Something that’s been bugging me a lot recently is the trend in technology to adopt a “surveillance capitalism” model of doing business. In Shoshana Zuboff’s recent tome on the topic, she dives into the nature of this new reality that we find ourselves in, and the pitfalls that we’re facing because of it. Quickly put, surveillance capitalism is about how our personal data, behaviors, and desires, become commoditized and sold on a marketplace for the purpose of targeting us with specific advertisements. Or far worse, for the purpose of altering our behavior to match a certain worldview or philosophy.
I’m not going to get too deep into all of this in this post, but suffice it to say, I’ve been thinking a lot more about who has data about me, and how am I letting them use it. Months ago I started turning off various tracking tools that I knew were helpful to me, but resulted in my behavioral profile being made available to an unknown marketplace for unknown purposes. I love some of the convenience of technology, but because we’ve gotten so used to getting everything for free, we often forget that nothing is actually free. Instead of paying for services as we consume them, we allow our behavior to be sold as a form of currency, in exchange for the tools we like to use.
That all got me thinking about some of the tools I use in everyday life. In particular my web browser. I’ve been a Google Chrome user for many, many years. It is by far one of the most feature rich browsers out there, and it has become the de-facto standard for delivering internet content. It’s also owned by Google, which is the largest consumer of behavioral data on the planet. That means that many parts of it are inexorably linked with Google’s tracking enterprises, both to make our technology more helpful to us, but to also pay for it all through the marketing of our data.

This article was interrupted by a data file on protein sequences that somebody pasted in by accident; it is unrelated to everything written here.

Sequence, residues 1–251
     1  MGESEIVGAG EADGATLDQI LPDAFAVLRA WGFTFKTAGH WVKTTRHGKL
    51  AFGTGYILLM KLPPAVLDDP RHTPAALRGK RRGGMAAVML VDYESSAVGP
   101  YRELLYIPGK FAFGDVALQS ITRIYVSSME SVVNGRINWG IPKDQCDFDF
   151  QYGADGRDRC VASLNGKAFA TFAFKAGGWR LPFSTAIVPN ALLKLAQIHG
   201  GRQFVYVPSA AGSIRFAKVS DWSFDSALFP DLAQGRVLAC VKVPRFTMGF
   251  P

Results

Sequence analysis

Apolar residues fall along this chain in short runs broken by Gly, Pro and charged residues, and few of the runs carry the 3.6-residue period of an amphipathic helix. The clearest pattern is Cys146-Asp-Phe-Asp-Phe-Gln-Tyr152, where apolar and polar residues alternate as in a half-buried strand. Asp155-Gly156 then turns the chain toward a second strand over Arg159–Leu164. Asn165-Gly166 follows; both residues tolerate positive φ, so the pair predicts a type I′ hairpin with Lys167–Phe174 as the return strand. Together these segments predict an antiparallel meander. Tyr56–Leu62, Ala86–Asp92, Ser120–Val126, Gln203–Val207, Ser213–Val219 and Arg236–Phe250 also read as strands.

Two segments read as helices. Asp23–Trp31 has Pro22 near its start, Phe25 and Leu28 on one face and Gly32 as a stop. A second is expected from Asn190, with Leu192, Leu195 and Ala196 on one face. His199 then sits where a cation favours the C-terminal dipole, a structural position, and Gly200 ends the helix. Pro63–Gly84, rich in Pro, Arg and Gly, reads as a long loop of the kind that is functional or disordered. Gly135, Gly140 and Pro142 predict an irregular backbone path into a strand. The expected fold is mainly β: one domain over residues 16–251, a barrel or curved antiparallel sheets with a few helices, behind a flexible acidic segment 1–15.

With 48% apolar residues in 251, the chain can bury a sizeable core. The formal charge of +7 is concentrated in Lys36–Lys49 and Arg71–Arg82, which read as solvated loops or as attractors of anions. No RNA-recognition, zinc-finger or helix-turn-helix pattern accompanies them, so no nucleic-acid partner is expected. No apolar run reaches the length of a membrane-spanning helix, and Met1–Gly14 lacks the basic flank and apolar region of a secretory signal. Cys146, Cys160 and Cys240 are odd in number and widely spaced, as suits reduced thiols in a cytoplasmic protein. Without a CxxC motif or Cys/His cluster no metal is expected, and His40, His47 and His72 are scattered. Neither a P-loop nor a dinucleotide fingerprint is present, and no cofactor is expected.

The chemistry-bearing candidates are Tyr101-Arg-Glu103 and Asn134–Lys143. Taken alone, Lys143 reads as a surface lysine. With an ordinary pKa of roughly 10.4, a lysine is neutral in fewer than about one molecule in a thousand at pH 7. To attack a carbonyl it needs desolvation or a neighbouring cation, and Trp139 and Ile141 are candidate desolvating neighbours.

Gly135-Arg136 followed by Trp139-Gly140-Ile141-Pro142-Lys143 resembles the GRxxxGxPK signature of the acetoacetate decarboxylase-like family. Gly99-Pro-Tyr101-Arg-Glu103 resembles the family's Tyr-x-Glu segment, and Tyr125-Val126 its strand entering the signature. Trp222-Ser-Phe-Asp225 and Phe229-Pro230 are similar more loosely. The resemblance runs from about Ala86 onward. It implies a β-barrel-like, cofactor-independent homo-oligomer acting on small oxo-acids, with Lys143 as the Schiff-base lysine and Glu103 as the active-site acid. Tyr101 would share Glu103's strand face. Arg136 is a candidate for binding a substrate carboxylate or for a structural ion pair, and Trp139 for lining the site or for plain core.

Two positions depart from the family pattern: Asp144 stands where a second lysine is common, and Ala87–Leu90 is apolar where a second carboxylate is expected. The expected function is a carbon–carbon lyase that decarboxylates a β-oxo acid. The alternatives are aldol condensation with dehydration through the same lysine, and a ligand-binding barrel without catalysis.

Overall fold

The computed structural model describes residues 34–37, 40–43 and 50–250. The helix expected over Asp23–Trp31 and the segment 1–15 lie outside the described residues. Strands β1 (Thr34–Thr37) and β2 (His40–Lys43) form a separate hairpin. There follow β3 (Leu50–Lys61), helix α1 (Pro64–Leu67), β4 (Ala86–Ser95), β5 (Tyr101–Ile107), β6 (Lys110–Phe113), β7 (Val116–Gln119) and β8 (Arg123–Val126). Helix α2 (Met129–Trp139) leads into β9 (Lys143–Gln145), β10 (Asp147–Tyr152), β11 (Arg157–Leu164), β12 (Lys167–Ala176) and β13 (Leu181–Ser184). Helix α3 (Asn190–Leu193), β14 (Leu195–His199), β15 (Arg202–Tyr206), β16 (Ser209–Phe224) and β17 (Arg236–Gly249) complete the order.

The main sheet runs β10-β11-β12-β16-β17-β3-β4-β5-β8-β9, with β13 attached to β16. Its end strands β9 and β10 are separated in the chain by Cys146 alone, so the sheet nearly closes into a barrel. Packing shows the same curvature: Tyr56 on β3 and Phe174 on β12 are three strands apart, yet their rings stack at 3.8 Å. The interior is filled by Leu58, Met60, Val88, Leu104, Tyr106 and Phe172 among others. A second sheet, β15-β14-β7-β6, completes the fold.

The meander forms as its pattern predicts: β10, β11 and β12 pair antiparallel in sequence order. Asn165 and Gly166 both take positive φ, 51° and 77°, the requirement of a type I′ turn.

To combat this, a few days ago I decided to download Firefox again, and give it another go. I’ve installed it on all my devices, and after a few addons that I’ve come to rely on, I’m all set up again to browse the internet the same way I was doing with Chrome.
One of the first things I noticed was how much slimmer and quicker Firefox was. Especially on a Mac, Chrome is a bloated memory hog. Firefox seems to be a much trimmer and efficient tool, and I’ve noticed a lot fewer processes running in the background. Granted nothing is ever going to be a fast or quick as Safari is on a Mac, but the added benefit of better addon and web application support is a palatable trade off.
Additionally, I’ve found a few useful features with Firefox that are missing from Chrome. One in particular that I like is a little blue notification dot that appears in pinned tabs, when there is a new event in the tab that I need to check. This means that I can visually see a cue when I get new emails or other notifications, in a simple manner. This might seem like a small thing, but it’s something that I’ve missed for a long time since it was removed from Chrome.
I’ve only come across one issue with an app called Telegram that would not load correctly in it’s web interface. However, there was an addon in the Firefox marketplace that fixed the issue. Not sure if Firefox is just being too restrictive in it’s security, or if there’s an actual incompatibility.
So far my experience with Firefox has been overwhelmly positive. I’m going to give it a solid two weeks of exclusive use to see if I find any other issues or perks. However, based on the last couple of days, I think it’s really matured into a great browser, and a nice alternative for those of us who’d like to be a little less invested in the marketplace of human behavior.